After Hitler's death in 1945, Grand Admiral Karl Dönitz took over leadership of the German forces, and on 9 May 1945, gave the head of the German armed forces in Norway, General Franz Böhme, orders that "Reichskommissar" in Norway, Josef Terboven, was deposed and that all his duties were transferred to Böhme. To Böhme, in turn, he gave the task of how the capitulation of Festung Norwegen was to be implemented. There were around 15,000 German soldiers in Rogaland in 1945, and it was there where the commander of 274 Infantry Division, General Weckman, gave the formal German surrender.

Before repatriation, the Germans were required to remain and clean up after five years of occupation. There were 180 German minefields in Rogaland, with a total of 480,000 mines, all of which the German Wehrmacht were required to clear. 62 Germans were killed and 94 were injured during mine clearance in Rogaland. Mines from this period continue to be uncovered.

Oil capital

In 1969, a new boom started as oil was first discovered in the North Sea. After much discussion, Stavanger was chosen to be the on-shore center for the oil industry on the Norwegian sector of the North Sea, and a period of hectic growth followed.

In March 1965 an agreement was signed between Norway and the United Kingdom on the sharing of the continental shelf by the median line principle. That same year a similar agreement was signed between Norway and Denmark. It was designed as a legal regime for oil exploration. The first licensing round on the Norwegian shelf was announced on 13 April 1965, and in August of that same year the government granted 22 licenses for 78 blocks for oil companies or groups of companies. The production license gave oil companies exclusive rights to exploration, drilling and production in a defined geographical area for a given period at an annual fee. Esso was the first oil company to start drilling for oil off the coast of Norway. The semi-submersible drilling vessel Ocean Traveler was towed from New Orleans to Norway, and the vessel began drilling on 19 July 1966, at block 8/3, about 180 kilometres (110 mi) southwest of Stavanger.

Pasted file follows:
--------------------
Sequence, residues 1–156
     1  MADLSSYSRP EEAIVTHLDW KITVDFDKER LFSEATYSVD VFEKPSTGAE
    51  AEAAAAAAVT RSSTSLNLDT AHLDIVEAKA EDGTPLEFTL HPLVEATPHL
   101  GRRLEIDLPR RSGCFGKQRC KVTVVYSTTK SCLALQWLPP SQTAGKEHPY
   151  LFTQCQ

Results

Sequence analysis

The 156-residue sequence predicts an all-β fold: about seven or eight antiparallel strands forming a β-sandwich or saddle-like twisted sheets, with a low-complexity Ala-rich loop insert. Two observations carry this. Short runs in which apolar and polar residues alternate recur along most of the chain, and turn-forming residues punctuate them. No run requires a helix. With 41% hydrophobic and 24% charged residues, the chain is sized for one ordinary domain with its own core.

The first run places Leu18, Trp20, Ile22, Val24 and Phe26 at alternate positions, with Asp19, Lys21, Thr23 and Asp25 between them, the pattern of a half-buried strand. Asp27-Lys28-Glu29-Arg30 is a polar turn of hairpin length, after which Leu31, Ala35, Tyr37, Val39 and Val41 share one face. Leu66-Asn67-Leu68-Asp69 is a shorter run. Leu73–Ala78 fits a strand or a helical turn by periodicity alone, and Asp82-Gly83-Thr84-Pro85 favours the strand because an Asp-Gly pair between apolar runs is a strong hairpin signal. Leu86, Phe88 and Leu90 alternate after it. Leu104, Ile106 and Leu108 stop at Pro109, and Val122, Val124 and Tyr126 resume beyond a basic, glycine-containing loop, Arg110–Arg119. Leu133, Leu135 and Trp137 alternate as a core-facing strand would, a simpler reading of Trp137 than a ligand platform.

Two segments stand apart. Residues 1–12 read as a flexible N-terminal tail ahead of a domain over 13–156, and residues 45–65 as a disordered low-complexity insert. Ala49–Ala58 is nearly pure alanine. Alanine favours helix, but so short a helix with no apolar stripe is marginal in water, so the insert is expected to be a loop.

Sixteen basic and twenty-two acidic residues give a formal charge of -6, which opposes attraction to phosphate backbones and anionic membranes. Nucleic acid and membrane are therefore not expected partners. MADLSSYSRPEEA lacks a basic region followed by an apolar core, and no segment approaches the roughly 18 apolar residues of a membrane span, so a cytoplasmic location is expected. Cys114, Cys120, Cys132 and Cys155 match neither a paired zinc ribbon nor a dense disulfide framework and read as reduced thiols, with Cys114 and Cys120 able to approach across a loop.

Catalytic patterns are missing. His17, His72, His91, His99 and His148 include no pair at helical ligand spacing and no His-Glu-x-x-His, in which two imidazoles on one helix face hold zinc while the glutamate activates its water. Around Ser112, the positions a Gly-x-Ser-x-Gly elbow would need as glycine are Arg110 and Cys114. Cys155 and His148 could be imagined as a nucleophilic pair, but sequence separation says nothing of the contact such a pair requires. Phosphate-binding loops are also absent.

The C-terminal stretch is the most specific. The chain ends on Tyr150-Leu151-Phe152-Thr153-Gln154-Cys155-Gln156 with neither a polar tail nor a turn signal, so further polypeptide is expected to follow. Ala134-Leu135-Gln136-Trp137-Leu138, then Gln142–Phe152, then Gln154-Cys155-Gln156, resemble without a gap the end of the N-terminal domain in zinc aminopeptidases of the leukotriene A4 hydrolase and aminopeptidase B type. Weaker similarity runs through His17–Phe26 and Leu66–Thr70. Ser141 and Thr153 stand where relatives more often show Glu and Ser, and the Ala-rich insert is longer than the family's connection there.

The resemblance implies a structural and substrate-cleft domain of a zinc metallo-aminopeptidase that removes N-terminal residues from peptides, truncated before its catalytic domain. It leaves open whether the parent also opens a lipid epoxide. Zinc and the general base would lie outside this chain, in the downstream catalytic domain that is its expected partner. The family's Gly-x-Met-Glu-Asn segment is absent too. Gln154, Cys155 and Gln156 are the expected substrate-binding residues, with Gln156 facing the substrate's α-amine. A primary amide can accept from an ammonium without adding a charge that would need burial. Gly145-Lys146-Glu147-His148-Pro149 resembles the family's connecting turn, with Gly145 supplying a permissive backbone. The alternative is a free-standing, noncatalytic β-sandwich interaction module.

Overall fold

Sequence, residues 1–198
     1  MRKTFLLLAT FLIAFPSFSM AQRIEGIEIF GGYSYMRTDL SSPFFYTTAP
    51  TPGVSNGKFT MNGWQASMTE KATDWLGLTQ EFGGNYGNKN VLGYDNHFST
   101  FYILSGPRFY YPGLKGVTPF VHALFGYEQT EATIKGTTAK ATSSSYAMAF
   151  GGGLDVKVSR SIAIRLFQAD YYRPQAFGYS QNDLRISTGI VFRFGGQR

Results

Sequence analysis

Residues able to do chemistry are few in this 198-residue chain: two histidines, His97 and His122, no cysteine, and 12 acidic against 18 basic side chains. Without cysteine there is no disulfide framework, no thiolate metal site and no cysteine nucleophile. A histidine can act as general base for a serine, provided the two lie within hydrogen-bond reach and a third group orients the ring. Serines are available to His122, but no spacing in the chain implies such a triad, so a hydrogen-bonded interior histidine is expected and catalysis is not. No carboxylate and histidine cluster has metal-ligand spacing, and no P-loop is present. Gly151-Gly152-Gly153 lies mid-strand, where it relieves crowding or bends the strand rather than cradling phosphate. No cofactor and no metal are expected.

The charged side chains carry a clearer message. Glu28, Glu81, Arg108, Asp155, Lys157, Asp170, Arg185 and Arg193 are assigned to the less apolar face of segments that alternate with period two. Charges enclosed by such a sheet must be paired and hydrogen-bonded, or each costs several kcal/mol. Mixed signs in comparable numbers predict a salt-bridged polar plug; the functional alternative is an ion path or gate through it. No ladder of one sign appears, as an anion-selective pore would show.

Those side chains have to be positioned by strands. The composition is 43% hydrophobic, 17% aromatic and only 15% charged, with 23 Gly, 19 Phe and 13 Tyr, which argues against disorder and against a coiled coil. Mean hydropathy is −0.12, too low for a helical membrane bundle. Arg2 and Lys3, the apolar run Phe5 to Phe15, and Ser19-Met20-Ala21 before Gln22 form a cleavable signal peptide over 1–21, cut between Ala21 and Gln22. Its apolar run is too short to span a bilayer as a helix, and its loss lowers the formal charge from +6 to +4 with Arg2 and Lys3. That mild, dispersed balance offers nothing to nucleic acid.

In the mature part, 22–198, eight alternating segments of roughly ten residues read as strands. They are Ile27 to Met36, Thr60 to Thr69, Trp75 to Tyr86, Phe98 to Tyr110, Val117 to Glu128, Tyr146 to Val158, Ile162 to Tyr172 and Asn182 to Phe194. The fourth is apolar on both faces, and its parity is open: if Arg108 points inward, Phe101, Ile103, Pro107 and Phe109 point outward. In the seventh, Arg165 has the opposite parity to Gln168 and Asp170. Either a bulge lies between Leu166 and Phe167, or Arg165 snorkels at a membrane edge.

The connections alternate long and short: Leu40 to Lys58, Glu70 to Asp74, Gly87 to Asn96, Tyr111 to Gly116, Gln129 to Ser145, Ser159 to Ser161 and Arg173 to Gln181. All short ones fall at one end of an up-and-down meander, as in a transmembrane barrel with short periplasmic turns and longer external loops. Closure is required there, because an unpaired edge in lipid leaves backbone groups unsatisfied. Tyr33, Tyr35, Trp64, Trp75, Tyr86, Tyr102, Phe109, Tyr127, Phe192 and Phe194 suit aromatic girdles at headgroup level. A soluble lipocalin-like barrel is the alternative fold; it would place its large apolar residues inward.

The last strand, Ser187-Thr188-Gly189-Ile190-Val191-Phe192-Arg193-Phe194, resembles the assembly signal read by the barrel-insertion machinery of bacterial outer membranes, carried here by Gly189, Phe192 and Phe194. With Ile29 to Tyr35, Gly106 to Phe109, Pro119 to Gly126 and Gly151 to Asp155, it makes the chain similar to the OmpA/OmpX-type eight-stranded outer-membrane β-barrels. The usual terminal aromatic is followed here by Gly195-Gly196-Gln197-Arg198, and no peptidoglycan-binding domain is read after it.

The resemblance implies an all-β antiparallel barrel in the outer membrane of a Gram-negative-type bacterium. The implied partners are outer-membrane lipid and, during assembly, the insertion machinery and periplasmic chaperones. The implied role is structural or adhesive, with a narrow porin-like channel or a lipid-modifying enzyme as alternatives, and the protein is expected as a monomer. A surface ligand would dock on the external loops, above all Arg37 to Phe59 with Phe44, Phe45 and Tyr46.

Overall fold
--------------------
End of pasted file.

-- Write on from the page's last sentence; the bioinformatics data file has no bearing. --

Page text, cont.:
Origin: en.wikipedia.org




Photos posted on the website in accordance with Article 7, paragraph 1 of the Berne Convention for the Protection of Literary and Artistic Works of 9 September 1886, the term of protection which is fifty years after the author's death.

After this period photos it becomes public domain. The participants of the Berne Convention are 167 States.